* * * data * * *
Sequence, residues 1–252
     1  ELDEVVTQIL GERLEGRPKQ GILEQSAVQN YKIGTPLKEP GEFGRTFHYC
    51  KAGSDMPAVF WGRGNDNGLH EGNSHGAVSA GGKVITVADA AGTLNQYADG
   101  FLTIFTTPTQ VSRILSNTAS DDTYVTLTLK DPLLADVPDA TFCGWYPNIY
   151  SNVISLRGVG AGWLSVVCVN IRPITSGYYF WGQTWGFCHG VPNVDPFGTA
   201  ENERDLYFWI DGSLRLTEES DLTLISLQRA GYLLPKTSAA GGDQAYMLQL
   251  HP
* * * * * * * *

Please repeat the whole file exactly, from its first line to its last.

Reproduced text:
Sequence, residues 1–252
     1  ELDEVVTQIL GERLEGRPKQ GILEQSAVQN YKIGTPLKEP GEFGRTFHYC
    51  KAGSDMPAVF WGRGNDNGLH EGNSHGAVSA GGKVITVADA AGTLNQYADG
   101  FLTIFTTPTQ VSRILSNTAS DDTYVTLTLK DPLLADVPDA TFCGWYPNIY
   151  SNVISLRGVG AGWLSVVCVN IRPITSGYYF WGQTWGFCHG VPNVDPFGTA
   201  ENERDLYFWI DGSLRLTEES DLTLISLQRA GYLLPKTSAA GGDQAYMLQL
   251  HP